Following the very critical media coverage on carbon credits in recent weeks, CIFOR provides a measured response on the need to continue efforts to create virtuous carbon markets, without however considering them as a providential solution.
CIFOR-ICRAF scientists encourage policy makers not to abandon the implementation of carbon offset mechanisms, highlighting the opportunities of these mechanisms, but also drawing attention to their limitations, which should not make us forget that the absolute priority is to limit our emissions. Carbon offsets can play a role as a tool to achieve a significant reduction but are not a miracle solution.
You can find here the article published in The Guardian on January 18 to which the CIFOR text refers, as well as the response of Verra, the organization that manages the certification standard referred to by The Guardian.
An article in The Guardian on 18 January 2023 questions the effectiveness of REDD+ and forest carbon offsets if projects lack the proper oversight and monitoring standards necessary to achieve their goals of reducing carbon emissions and forest degradation.
But scientists at the Center for International Forestry Research and World Agroforestry (CIFOR-ICRAF) are cautioning governments from abandoning the practice altogether, emphasizing the critical need to reduce our greenhouse gas emissions and the effective role REDD+ can play in mitigating the effects of industries that cannot decarbonise.
“Carbon offsetting is often presented as a panacea or as a dangerous distraction in relation to mitigating greenhouse gas emissions. It is neither one nor the other,” says Dr Robert Nasi, acting CEO of CIFOR-ICRAF, a global research and development organisation with more than 75 years of experience in harnessing the power of trees, forests, and agroforestry landscapes to address the most pressing global challenges of our time – biodiversity loss, climate change, food security, livelihoods, and inequity.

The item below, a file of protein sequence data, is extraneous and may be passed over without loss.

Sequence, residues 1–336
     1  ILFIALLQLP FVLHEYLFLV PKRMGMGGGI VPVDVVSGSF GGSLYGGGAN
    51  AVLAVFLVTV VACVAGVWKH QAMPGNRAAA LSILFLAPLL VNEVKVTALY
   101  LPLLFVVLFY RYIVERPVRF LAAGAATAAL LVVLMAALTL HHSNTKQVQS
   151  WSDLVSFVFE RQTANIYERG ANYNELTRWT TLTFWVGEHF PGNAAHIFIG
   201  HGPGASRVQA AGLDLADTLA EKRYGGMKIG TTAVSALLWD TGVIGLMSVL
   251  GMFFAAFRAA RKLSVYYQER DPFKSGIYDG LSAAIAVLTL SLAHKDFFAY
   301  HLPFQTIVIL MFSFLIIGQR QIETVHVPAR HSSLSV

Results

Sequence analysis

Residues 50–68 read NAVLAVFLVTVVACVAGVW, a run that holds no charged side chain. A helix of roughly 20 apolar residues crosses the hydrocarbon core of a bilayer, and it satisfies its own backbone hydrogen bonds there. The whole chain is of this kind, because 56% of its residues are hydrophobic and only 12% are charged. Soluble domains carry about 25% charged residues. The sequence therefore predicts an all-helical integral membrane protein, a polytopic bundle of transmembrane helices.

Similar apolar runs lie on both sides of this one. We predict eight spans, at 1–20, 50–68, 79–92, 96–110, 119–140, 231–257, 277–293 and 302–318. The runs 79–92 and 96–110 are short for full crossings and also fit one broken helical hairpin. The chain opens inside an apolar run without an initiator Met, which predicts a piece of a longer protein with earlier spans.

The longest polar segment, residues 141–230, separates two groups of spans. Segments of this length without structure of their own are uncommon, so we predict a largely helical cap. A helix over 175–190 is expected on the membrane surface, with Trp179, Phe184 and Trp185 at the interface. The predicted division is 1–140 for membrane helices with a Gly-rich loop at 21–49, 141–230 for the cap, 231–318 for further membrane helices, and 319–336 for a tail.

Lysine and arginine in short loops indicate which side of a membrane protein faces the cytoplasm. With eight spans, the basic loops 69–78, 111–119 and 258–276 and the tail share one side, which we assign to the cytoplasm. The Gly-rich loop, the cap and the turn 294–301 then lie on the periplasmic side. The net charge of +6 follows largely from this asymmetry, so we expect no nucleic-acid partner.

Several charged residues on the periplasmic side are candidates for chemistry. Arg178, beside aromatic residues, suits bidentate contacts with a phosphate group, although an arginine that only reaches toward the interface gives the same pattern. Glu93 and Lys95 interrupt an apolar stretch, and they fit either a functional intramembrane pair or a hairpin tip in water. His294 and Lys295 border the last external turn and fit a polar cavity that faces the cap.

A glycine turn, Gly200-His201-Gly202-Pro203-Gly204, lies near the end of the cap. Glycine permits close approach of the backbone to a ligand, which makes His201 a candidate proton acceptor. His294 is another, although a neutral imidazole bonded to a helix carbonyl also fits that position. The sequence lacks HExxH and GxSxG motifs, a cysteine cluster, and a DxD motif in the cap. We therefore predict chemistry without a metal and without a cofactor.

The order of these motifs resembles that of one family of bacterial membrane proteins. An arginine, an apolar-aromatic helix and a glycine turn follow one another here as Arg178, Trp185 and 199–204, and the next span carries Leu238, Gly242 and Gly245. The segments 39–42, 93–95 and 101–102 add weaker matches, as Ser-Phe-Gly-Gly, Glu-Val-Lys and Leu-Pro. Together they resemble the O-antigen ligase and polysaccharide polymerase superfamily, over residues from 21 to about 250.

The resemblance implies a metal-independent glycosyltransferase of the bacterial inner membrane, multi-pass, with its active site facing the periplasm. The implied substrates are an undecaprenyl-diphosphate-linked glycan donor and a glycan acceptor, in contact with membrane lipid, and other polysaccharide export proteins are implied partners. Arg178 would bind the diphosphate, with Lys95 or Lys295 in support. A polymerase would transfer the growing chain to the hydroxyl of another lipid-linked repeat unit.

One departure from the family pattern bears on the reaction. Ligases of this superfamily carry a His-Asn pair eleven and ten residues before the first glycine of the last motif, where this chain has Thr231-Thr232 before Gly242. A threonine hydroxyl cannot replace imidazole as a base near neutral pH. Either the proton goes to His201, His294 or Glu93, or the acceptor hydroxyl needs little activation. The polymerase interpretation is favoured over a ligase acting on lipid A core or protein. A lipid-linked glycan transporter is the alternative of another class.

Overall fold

To achieve the goals set by the Paris Agreement, we must drastically reduce our dependence on fossil fuels by 90%. But as not all sectors can be decarbonised, this is where scientifically sound, equitable and transparent carbon offset schemes can play a role. Forests and trees (and the oceans) are particularly effective at absorbing and storing carbon dioxide. They also provide many other benefits: they are home to a diverse array of plant and animal species, and they help to regulate the Earth’s climate by releasing water vapour and absorbing sunlight. Forests also help to protect against soil erosion and flooding and provide resources such as timber and non-timber products.
Win-win forest and tree-based solutions thus include:
Each of these solutions has the potential to become forest or tree-based carbon offsets; they also bring along a myriad of other benefits, with carbon storage becoming one of the by-products of better care of our land.
However, carbon offsetting through forests and trees also has its downsides. One major concern is that these projects can displace local communities, particularly in developing countries where land is often scarce. Furthermore, many carbon offsetting projects take place in remote areas, making it difficult to monitor and verify the actual carbon sequestration taking place. Another problem with carbon offsetting through forests and trees is that it is often a short-term solution to a long-term problem. Trees and forests take time to mature and reach their full carbon sequestration potential, and even then, they may not be able to fully offset the emissions being produced.
In sum, carbon offsetting through forests and trees can be a valuable tool in the fight against climate change, but it is important to approach it with caution. Careful consideration must be given to the potential negative impacts on local communities and the need to monitor and verify carbon sequestration. It is also important to recognise that while carbon offsetting through forests and trees can help, it is not a substitute for reducing our overall carbon emissions. It’s clear that carbon offset projects will never be able to curb the emissions growth if fuel-fed power stations continue to be built or petrol cars continue to be bought.
“We are like the Red Queen in Alice in Wonderland who needs to run endlessly to stay in the same place,” says Nasi. “This is not to say that carbon offset projects should stop – quite the opposite. We must continue to restore forests and peatlands while also scaling up renewable energy and energy efficiency projects via offset schemes. But it cannot simply be an excuse to continue business as usual. Like the Red Queen, we must run faster if we want to go somewhere.”